Do missing links weaken the theory of evolution?
Some people try to point to the missing links in the fossil record, especially regarding the evolution of the human species, as though this is a flaw in the theory itself. This is not a valid point, in my opinion, because of the overall rarity of fossils. The fossilization process only occurs only certain conditions, the result being that many species that quickly died out or lived in a small area would not be fossilized. Darwin himself commented on this supposed hole in his theory.
I took this straight from wikipedia
Fossilization is an exceptionally rare occurrence, because most components of formerly-living things tend to decompose relatively quickly following death. In order for an organism to be fossilized, the remains normally need to be covered by sediment as soon as possible. However there are exceptions to this, such as if an organism becomes frozen, desiccated, or comes to rest in an anoxic (oxygen-free) environment. There are several different types of fossils and fossilization processes.
Due to the combined effect of taphonomic processes and simple mathematical chance, fossilization tends to favor organisms with hard body parts, those that were widespread, and those that lived for a long time. On the other hand, it is very unusual to find fossils of small, soft bodied, geographically restricted and geologically ephemeral organisms, because of their relative rarity and low likelihood of preservation.
Larger specimens (macrofossils) are more often observed, dug up and displayed, although microscopic remains (microfossils) are actually far more common in the fossil record.
Some casual observers have been perplexed by the rarity of transitional species within the fossil record. The conventional explanation for this rarity was given by Darwin, who stated that "the extreme imperfection of the geological record," combined with the short duration and narrow geographical range of transitional species, made it unlikely that many such fossils would be found. Simply put, the conditions under which fossilization takes place are quite rare; and it is highly unlikely that any given organism will leave behind a fossil.
We are lucky to have the fossil record we do, and there will always be "missing links" (were running out of places to look), but this IS NOT a flaw in the theory.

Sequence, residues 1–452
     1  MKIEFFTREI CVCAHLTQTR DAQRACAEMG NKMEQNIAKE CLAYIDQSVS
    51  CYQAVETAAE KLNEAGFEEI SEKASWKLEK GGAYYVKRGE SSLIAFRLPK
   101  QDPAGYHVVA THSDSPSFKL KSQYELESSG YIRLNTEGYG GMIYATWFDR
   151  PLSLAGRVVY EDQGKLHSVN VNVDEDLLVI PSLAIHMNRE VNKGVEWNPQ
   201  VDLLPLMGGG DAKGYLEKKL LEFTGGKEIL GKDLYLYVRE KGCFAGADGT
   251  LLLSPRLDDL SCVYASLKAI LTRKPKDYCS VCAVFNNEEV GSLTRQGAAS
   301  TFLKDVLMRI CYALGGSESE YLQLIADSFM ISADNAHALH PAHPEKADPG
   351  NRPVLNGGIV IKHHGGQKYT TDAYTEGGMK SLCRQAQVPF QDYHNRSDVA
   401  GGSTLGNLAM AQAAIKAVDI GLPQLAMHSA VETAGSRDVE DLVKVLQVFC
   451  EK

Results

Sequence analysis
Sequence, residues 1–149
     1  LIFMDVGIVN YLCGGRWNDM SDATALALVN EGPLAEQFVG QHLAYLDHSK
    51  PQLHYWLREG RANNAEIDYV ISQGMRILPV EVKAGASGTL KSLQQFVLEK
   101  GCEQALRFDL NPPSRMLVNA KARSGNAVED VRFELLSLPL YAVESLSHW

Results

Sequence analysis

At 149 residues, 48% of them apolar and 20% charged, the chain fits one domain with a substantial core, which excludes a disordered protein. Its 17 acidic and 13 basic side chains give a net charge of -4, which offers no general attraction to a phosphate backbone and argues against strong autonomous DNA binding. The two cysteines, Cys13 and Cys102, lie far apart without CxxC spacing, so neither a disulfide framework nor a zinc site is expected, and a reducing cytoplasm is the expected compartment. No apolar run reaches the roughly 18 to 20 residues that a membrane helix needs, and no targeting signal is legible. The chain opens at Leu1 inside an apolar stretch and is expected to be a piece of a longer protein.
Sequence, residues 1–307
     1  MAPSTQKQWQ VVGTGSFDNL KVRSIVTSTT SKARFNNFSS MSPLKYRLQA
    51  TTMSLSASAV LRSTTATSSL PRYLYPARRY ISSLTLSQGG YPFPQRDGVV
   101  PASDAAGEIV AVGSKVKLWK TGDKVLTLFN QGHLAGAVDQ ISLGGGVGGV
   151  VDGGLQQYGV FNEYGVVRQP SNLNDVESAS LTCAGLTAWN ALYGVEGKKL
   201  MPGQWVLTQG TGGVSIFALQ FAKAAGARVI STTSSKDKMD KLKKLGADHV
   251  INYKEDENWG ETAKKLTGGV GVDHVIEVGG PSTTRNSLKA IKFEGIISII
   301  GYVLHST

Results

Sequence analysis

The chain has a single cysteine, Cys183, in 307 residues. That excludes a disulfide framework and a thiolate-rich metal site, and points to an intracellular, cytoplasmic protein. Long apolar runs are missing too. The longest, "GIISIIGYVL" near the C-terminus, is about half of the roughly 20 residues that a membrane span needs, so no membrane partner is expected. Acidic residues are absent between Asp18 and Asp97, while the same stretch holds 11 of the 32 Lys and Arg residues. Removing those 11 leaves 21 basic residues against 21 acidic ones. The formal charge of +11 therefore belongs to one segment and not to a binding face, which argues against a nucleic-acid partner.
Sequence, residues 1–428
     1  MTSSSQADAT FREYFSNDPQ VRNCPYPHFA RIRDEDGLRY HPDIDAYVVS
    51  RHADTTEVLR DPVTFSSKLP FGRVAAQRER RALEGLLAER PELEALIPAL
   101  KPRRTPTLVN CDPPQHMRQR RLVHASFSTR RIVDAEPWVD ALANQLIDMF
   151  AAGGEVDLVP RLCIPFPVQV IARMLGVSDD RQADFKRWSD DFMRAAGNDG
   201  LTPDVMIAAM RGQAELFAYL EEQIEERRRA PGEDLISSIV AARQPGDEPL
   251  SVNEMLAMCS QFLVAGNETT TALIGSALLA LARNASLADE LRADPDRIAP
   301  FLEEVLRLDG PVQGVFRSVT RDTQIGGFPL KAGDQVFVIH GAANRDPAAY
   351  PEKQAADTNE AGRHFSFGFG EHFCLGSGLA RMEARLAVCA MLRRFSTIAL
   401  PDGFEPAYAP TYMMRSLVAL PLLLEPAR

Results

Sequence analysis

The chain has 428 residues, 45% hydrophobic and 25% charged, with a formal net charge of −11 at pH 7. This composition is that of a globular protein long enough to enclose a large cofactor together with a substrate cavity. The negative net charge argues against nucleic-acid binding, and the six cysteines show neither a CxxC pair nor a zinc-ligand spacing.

What can 3D printing do for medicine? The "sky is the limit," says Northwell Health researcher Dr. Todd Goldstein.
- Medical professionals are currently using 3D printers to create prosthetics and patient-specific organ models that doctors can use to prepare for surgery.
- Eventually, scientists hope to print patient-specific organs that can be transplanted safely into the human body.
- Northwell Health, New York State's largest health care provider, is pioneering 3D printing in medicine in three key ways.
The tactics that work now won't work for long.
Great ideas in philosophy often come in dense packages. Then there is where the work of Marcus Aurelius.
- Meditations is a collection of the philosophical ideas of the Roman Emperor Marcus Aurelius.
- Written as a series of notes to himself, the book is much more readable than the dry philosophy most people are used to.
- The advice he gave to himself 2,000 years ago is increasingly applicable in our hectic, stressed-out lives.
By working together, and learning from one another, we can build better systems.
- Many of the things that we experience, are our imagination manifesting into this physical realm, avers artist Dustin Yellin.
- People need to completely rethink the way they work together, and learn from one another, that they they can build better systems. If not, things may get "really dark" soon.
- The first step to enabling cooperation is figuring out where the common ground is. Through this method, despite contrary beliefs, we may be able to find some degree of peace.
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